The education levy she proposed passed with nearly 70 percent of the vote, setting the stage for more than $600 million in spending on K-12 and preschool programs while also paying for the free community college she promised as a candidate.
Durkan can’t claim all credit, but the levy’s backers stamped her face on their campaign mailers and she described the victory as her top moment.
“To have it pass with voters by that margin just affirms how great Seattle is,” the mayor said, adding, “Getting those kids at preschool ready to learn, really working to close the opportunity gap and then getting the two years free college” will help youth snag well-paying jobs later on.
Durkan prevailed again when the council almost unanimously approved her police-union contract. The Community Police Commission, 24 community groups and the Seattle King County NAACP opposed the deal, saying it would water down reforms meant to stamp out police brutality and misconduct.
But Councilmember Lisa Herbold provided a key vote the day after Durkan stumped with Best in Herbold’s district. In a West Seattle Junction cafe, locals applauded when the mayor told them the contract would mean raises for cops.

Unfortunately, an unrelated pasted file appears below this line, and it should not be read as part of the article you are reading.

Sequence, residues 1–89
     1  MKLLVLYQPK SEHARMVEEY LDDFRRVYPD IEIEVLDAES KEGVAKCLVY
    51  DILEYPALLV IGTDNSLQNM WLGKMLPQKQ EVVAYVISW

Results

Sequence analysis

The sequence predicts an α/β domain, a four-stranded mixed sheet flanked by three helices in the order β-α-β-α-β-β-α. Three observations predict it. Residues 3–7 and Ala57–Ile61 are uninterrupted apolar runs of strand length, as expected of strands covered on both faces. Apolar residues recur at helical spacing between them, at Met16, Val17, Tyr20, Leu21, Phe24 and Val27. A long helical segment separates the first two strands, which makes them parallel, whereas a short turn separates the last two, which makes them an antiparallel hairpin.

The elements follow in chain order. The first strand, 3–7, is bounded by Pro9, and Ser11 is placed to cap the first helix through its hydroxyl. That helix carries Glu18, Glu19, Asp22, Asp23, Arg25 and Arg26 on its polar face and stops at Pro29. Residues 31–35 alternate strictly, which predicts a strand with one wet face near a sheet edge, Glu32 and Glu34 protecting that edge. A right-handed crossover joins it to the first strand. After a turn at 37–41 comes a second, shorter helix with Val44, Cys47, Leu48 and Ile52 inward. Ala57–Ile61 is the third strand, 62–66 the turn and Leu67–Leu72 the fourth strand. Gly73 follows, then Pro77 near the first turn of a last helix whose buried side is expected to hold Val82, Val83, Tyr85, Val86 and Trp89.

“She’s doing the right things,” bar owner Dave Montoure said, praising Durkan for showing more spending restraint in her budget than past mayors while urging her to hire more police officers to address public drug use and street crime.
Junction businesses have been broken into and robbed, and Montoure has had to install new locks at his bar to stop people from shooting up in the restrooms, he said, adding, “I wish she would kick the council hard in the butt and tell them to heel.”
Last week, the council adopted the mayor’s 2019 budget with only minor changes rather than supporting Councilmember Kshama Sawant in another bid to raise taxes.
Councilmember Rob Johnson described Durkan as a “back to basics” mayor. He said her measured and methodical approach is needed as Seattle tries to catch up with growth.
This week, Durkan will highlight other deeds, including 681,000 pounds of trash collected from unauthorized homeless camps in the past year and an agreement to renovate KeyArena without public money.
With City Attorney Pete Holmes, the mayor persuaded the Seattle Municipal Court to vacate marijuana convictions from before legalization and, with the council, she signed a law requiring gun owners to keep their firearms locked up at home. Fulfilling a campaign promise to immigrant and labor advocates, she advanced legislation extending additional rights to domestic workers.
Marilyn Strickland, Seattle Metropolitan Chamber of Commerce president, gave the mayor a “solid B” grade.